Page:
Tuned In To Music

Reflections from a lifetime

Review: The Aliens, Astronomy For Dogs

This is quite a story.  In 1996 guitar player, singer and songwriter Gordon Anderson and a couple of friends formed a band in Edinburgh, Scotland.  They called themselves the Pigeons but soon the aliensname was changed to The Beta Band.  Around the time the band released their first EP Anderson succombed to mental illness and left the group.  The band continued on with a career that saw consistent critical acclaim but which ended in 2004 after three albums when they decided they weren’t happy with the music they were making.  Meanwhile Anderson spent eight years in a mental hospital diagnosed with schizophrenia undergoing drug treatments and electro-shock therapy which he says did absolutely nothing to help him.  He was released in the care of two Christians who took him into their home and helped him work through his problems.  Three months later he believed himself to be okay again, was able to function normally, and was back making music.  He hooked up with John Maclean and Robin Jones the keyboard player and drummer from the Beta Band and the trio began making music together as The Aliens.

“Astronomy For Dogs” is The Aliens’ first album and Anderson wrote all the songs.  It’s terrific.  The CD is bursting with great tunes, richly layered music and a scintillating combination of both massed and harmony vocals.  “Rox” sounds like it could have been recorded during the Screamadelica sessions while “Only Waiting” is a dead ringer for Revolver / Rubber Soul era Beatles.  It sounds like Neil Young makes a vocal appearance on “Caravan”, an extended psychedelic jam that ends the album.  The best some bands can do is sound like slavish imitators of their influences while others find a way to clearly reflect the sound or stylings of their forerunners while still producing music that is fresh and interesting.  The Aliens could be poster boys for the latter group.  The Beatles influence on “Astronomy For Dogs” is both strong and obvious and yet The Aliens are always their own band.  This is a very good band making music in a style pioneered by a great band.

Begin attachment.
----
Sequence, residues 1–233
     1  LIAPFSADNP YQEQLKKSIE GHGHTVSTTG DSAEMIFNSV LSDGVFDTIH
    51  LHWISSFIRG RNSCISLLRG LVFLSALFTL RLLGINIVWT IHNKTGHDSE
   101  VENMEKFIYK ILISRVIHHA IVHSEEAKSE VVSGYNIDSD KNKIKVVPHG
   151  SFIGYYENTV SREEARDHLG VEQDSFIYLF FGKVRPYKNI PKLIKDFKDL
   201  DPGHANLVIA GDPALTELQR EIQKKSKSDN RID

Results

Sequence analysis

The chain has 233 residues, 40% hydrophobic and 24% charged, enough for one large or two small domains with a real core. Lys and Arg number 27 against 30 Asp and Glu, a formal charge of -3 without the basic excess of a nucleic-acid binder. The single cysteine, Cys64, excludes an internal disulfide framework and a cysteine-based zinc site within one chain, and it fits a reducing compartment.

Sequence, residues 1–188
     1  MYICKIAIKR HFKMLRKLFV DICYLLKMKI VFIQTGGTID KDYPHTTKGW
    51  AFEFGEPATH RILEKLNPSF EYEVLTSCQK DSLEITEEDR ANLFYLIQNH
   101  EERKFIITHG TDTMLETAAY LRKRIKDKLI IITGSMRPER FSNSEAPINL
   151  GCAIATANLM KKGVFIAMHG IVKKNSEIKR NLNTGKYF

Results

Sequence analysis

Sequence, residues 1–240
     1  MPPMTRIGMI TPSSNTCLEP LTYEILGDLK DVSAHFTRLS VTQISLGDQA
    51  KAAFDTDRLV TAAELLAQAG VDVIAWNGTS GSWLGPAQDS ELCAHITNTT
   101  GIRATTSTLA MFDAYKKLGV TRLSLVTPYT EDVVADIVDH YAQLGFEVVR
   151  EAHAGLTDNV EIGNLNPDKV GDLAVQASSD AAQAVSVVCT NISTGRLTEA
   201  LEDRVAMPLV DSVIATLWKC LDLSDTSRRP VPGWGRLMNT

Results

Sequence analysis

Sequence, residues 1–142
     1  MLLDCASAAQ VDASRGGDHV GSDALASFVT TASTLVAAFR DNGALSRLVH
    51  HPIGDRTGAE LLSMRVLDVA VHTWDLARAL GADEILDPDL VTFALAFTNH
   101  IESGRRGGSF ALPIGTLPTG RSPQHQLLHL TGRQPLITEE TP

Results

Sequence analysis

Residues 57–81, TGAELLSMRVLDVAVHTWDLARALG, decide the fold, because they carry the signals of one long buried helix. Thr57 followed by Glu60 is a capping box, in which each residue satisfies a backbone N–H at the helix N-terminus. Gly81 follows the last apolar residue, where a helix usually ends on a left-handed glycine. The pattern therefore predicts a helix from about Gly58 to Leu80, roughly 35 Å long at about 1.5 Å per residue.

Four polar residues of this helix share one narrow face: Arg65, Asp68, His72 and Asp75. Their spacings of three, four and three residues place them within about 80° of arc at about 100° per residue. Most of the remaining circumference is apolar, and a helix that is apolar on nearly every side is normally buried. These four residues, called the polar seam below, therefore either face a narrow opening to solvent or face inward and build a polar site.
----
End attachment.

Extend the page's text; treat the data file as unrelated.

It’s not all good.  “Glover” is based on a very simple four chord descending riff that repeats endlessly as a grab bag of keyboard effects and ghostly vocals are scattered here and there.  At just under eight and a half minutes it’s about five and a half minutes too long.  But “Glover” is the exception rather than the rule and one of the reasons it stands out is that Maclean’s highly varied keyboards usually add great richness and texture rather than tedium.

“Astronomy For Dogs” is one of the most intriguing debut albums I’ve heard this year.  I hope it’s not a one-shot because I’m really looking forward to The Aliens sophmore CD.  Recommended.

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12/16/2007 - Posted by | CD reviews, music, music reviews |

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